PUC Adds Environmental Studies Major

By Carissa Smith on June 19, 2008

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The new environmental studies major is one aspect of increasing "green" awareness and commitment at PUC, with even elementary school students getting involved in a PUC-sponsored Earth Day poster contest.

In the fall of 2008, Pacific Union College students will be offered a new major in environmental studies. The interdisciplinary Bachelor of Science degree will be based in the biology department and allow students to choose a specialization from a variety of course electives.

The major was established because of numerous requests from students in the environmental science class, taught by associate professor of biology Floyd Hayes. "We decided to submit a proposal in which the degree could be offered without hiring a new faculty member, but asked for a full-time laboratory coordinator to assist us with our teaching loads," Hayes says. The original environmental science course has now been split into three sections as part of the curriculum for the new major.

PUC is the perfect place for this program, with its natural setting and location in environmentally conscious California. "Green" awareness and commitment on campus has increased with projects such as Green Week, a Green Club, discussions about the eco-village project, and the building of our own cogeneration plant several years ago to supply the college's electrical, heating and air conditioning needs with cutting-edge, forward-thinking energy production.

This setting, Hayes explains, will benefit the new major: "Instruction here would be enhanced by PUC's management of its own cogeneration plant, water supply, wastewater treatment plant, recycling plant and forest reserve, as well as PUC's proximity to an agricultural preserve, public lands, power stations, and large cities dealing with issues of air quality, water availability, rapid development and congested traffic."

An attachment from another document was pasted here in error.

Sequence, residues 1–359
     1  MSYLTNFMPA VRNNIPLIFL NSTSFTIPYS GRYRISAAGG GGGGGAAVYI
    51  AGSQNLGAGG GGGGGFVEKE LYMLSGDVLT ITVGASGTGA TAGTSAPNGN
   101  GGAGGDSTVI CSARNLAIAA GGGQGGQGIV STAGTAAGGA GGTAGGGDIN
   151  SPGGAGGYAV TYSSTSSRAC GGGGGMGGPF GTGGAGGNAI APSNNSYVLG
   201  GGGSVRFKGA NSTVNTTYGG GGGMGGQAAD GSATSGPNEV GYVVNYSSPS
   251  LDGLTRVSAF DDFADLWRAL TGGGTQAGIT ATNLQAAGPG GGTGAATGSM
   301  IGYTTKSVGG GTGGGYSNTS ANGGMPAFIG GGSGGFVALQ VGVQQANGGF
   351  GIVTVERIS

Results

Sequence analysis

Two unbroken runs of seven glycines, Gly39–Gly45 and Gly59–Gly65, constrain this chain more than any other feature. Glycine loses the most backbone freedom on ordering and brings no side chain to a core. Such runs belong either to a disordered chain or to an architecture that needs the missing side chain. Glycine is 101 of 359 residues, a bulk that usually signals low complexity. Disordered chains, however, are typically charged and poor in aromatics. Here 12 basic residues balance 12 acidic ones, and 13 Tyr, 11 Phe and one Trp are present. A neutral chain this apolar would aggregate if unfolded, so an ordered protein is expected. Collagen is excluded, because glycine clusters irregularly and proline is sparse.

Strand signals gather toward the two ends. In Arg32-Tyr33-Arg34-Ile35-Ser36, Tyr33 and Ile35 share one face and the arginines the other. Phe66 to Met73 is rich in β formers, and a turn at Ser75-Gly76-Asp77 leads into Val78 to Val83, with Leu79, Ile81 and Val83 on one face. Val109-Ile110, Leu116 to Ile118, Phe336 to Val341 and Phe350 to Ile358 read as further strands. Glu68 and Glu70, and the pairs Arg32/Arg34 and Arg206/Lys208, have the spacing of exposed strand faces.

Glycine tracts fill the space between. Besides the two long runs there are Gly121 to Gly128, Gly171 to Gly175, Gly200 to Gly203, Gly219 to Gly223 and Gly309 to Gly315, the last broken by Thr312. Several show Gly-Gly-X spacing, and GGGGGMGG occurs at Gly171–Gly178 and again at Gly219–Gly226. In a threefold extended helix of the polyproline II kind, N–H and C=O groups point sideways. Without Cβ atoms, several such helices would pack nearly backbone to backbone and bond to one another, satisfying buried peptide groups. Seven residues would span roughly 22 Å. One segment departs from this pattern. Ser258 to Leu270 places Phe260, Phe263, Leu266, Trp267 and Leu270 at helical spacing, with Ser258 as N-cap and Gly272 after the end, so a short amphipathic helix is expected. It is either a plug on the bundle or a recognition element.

Students will learn through hands-on and out-of-classroom experience, leading to real-life and physical understanding of environmental science. "We are surrounded by interesting opportunities for field trips, practicums, and internships," says academic dean Nancy Lecourt. "Our belief that God created and sustains the world moves us to educate students who will be involved in caring for the planet."

Job prospects in the field are broad and continue to grow. Positions around the world are available in areas including natural resources and conservation, environmental education and advocacy, and renewable energy. Options include environmental internships and fellowships with non-profit organizations, full-time positions with government agencies, and higher education. The bachelor's degree in environmental science prepares students for entry-level environmental careers or for graduate work in related fields.

Lecourt explains, "We are thrilled to be able to offer this major, which will allow our students to find work restoring and safeguarding the natural environmental and making life better for humans for whom it is home."